It only took two points, and then the orange jerseys began to be ripped off and waved round and round above heads and bare backs like lassos. I don't think even Shakira can shake her hips quite like an aged, Thai father celebrating at a football game. With each point scored, the crowd showed that they were just as much a part of the action by jumping to their feet as if they had won a personal victory.We had the joy of an entire stadium roaring around us, and a legitimate Brazilian in our party with childlike enthusiasm; the excitement was contagious. We were soon singing the cheers along with the impromptu band near the bottom of the bleachers, outcries of "Chiang Rai"s shouted by over a thousand people pulsed through the sound waves around my head.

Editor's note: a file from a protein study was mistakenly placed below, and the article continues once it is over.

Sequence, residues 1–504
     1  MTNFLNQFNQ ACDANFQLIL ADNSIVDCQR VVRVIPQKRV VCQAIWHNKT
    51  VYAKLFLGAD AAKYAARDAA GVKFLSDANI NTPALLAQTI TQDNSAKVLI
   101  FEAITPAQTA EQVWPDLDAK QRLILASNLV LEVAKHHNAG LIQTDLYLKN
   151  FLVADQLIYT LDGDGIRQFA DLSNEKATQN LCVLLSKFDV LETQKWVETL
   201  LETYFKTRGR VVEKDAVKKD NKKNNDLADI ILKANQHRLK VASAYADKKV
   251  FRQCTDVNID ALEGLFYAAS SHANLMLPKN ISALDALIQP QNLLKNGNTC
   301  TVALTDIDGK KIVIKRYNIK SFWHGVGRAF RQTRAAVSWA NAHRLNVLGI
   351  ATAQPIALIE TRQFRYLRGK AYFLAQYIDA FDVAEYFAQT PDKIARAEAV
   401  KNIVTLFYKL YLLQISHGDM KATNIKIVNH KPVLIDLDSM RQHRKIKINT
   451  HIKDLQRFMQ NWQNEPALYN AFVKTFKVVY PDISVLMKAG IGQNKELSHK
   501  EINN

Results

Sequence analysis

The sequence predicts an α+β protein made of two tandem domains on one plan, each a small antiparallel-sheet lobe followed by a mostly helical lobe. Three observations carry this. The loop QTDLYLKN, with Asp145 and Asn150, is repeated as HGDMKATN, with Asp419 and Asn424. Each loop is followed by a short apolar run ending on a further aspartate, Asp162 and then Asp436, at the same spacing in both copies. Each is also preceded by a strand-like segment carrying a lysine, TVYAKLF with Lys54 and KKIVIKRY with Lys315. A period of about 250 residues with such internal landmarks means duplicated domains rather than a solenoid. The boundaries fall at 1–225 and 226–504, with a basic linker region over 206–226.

When your specific job, appointed by the organization you're partnering with and your mom, is to immerse yourself in a culture and to build relationships--being in a foreign country halfway around the globe for two months can be a blast.